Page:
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Full text of "Rapid Population Growth Consequences And Policy Implications"

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The significance of the figures in Table 20 can be appreciated by relating them to food prices current at the time of the survey. The United States Department of Agriculture periodically issues food plans with costs, devised to provide a nutritionally adequate diet for individuals of both sexes and various ages in a family of four. I have reviewed their plan for October of 1960 (71). Taking the estimated cost of 1 week's food for the "low-cost plan" (and ignoring the "moderate-cost" and "liberal" plans, which are approximately 25 percent and 50 percent more expensive respectively), a crude average of around $5.50 per person per week can be calculated. (The range is from $3.00 per week for children under 1 year of age to $8.60 per week for nursing mothers.) If these estimates are valid, then it is clear that many of the families surveyed in 1960 were not spending enough to provide an adequate diet.
Some benefits from quantity food purchase and preparation are possible in larger families. In an earlier study (72) it was found that 48.7 percent of families of six or more met recommended dietary allowances on expenditures of $4.00 per person per week while only 31.5 percent of the three-person families did so. At expenditures of $4.00 to $5.99 per person per week, 58.1 percent of three-person families and 85.8 percent of six-or-more-person families met the recommendation. "Economy of scale," then, is possible, but it is clear that many larger families, especially in the lower income groups, cannot provide an adequate diet with the amounts they are spending.
Family Size and Medical Expenditures. It is relevant here to examine the effects of family size on medical expenditures as revealed in a Bureau of Labor Statistics (BLS) Report (68-70). Table 21 shows expenditures for medical care, as a percentge of total expenditures, calculated in the same way as in Table 19. The differences in the two tables are interesting. Although actual cash expenditures for medical care increase somewhat, the percentage does not increase with income, as is the case with regard to food expenditures. Unlike food expenditures, medical care expenditures decrease as family size increases. In spite of the fact that the need for medical care will increase, as we have seen from the morbidity data associated with family size, expenditures do not. It appears, then, that larger families may be depriving themselves of medical care in order to meet other needs. No data are available to indicate whether the amount of free medical care received by low income families would alter this picture. However, free medical programs would not have any appreciable effect on families with incomes higher than $3,000 or $4,000 per year.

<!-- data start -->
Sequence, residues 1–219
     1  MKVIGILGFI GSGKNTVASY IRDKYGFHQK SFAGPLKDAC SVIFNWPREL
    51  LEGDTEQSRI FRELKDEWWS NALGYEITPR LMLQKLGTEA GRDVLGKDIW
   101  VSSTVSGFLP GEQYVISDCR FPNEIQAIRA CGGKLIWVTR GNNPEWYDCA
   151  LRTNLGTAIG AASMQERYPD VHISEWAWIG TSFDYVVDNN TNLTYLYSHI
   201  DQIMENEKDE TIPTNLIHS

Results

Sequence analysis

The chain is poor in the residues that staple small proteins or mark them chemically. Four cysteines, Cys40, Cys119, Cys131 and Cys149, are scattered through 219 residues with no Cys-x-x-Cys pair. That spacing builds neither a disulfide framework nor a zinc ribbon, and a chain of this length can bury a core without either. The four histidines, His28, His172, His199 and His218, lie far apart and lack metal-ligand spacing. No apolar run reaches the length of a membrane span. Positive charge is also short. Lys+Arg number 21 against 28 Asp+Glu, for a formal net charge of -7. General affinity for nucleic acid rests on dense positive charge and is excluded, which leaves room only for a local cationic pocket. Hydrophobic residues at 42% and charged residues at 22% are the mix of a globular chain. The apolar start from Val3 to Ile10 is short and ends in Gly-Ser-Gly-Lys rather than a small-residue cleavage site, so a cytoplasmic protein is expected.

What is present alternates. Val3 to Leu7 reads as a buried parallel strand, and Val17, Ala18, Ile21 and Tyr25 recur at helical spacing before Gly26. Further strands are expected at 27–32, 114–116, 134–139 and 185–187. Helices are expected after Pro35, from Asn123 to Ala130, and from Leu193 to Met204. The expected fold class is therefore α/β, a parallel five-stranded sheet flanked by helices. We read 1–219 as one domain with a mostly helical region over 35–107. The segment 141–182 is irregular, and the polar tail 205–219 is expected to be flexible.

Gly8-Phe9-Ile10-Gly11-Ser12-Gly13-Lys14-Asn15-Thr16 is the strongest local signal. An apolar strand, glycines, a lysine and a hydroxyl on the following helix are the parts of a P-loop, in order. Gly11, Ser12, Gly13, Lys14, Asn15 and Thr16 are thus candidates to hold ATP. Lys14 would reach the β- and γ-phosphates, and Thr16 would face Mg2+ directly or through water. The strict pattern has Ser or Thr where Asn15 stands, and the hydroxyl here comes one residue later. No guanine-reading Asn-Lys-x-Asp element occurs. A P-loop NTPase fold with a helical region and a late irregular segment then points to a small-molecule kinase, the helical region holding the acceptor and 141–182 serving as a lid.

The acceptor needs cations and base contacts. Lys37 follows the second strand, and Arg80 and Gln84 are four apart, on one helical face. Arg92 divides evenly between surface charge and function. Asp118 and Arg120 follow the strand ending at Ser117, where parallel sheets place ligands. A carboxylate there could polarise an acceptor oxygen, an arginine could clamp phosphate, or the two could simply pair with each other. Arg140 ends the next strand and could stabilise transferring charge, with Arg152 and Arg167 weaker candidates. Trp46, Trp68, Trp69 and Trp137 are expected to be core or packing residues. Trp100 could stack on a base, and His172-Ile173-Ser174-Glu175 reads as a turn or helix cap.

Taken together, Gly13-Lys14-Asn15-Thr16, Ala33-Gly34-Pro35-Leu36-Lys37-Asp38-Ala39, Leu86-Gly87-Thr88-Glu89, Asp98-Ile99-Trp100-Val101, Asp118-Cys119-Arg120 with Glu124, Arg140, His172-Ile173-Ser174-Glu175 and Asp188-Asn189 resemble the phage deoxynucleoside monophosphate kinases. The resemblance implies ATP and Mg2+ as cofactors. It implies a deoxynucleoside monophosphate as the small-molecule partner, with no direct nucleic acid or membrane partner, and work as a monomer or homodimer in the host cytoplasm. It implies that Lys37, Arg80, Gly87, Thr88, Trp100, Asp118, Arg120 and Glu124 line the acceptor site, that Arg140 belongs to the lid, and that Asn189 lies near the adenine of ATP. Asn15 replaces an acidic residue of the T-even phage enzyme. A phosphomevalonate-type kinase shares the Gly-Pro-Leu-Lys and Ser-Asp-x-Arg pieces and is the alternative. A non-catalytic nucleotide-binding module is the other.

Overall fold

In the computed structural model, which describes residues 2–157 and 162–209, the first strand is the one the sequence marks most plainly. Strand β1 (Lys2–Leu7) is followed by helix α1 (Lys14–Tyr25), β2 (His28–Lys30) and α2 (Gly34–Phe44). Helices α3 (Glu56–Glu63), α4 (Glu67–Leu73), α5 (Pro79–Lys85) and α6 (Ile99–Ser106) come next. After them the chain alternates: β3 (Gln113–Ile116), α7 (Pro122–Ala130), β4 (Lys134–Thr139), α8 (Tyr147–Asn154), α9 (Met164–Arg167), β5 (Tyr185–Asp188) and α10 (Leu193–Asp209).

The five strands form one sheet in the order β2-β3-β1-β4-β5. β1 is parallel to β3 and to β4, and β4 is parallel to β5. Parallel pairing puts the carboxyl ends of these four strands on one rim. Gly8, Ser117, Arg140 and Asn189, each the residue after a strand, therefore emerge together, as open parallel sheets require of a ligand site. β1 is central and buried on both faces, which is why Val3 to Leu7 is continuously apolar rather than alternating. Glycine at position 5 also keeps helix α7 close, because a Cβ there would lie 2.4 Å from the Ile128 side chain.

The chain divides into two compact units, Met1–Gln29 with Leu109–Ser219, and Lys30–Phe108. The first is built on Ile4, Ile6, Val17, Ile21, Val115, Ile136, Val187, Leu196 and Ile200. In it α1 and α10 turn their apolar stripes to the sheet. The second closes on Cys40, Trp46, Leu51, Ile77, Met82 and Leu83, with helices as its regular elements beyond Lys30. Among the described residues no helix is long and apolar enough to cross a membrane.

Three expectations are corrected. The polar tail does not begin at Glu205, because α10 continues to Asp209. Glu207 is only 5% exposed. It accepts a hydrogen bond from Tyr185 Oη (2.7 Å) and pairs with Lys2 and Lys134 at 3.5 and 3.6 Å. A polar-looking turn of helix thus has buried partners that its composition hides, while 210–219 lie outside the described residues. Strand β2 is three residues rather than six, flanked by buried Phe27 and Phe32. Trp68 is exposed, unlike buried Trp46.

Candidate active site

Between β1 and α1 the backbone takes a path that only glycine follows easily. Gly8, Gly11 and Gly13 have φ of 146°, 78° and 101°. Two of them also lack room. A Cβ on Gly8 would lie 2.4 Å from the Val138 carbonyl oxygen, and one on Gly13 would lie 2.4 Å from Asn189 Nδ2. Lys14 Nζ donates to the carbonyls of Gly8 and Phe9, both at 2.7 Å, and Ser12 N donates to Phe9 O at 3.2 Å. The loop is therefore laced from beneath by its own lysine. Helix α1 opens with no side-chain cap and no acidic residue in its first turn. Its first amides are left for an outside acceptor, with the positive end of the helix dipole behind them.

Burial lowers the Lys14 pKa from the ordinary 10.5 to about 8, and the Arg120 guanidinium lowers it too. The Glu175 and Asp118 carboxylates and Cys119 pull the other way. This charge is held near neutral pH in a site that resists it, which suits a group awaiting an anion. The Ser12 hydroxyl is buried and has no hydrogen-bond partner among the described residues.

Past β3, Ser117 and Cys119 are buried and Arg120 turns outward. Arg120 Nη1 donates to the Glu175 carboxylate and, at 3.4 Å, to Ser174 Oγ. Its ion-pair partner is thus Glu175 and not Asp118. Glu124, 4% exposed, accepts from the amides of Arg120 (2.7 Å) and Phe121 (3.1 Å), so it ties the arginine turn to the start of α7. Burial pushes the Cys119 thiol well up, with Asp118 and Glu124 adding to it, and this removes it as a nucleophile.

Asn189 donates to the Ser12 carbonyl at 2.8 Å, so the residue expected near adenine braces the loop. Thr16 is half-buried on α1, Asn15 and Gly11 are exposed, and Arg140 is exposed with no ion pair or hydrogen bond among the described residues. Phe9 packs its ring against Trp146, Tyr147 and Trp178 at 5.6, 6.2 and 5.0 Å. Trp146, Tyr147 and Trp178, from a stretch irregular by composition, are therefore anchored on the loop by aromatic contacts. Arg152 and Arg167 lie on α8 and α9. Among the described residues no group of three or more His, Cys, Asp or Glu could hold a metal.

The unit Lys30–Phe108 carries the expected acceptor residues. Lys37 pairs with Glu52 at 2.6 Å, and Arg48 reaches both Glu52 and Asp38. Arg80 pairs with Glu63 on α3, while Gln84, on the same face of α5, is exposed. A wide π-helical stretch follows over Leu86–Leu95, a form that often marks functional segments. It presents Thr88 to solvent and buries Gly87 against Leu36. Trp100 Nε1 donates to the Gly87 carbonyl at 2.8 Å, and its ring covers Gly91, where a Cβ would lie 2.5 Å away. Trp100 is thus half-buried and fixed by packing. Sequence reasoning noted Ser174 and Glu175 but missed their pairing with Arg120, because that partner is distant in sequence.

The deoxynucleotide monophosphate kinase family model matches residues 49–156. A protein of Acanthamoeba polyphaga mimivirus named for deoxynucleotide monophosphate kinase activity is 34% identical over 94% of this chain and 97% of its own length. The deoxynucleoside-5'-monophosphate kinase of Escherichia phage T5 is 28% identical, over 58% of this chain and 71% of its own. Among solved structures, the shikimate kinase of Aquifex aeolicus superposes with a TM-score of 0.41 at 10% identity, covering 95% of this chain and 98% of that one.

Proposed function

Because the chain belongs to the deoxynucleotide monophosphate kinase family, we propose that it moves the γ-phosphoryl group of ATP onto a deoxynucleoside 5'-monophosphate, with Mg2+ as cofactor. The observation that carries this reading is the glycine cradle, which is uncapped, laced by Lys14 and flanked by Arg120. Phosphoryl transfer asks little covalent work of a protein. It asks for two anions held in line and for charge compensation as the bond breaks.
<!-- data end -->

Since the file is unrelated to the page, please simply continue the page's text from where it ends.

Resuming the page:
Family Size and Maternal Care. Preschool children are very largely dependent on their mothers. The quality of maternal care provided determines many aspects of child health. With these truisms in mind, it is of interest to review the effects of family size on maternal care, as shown in two British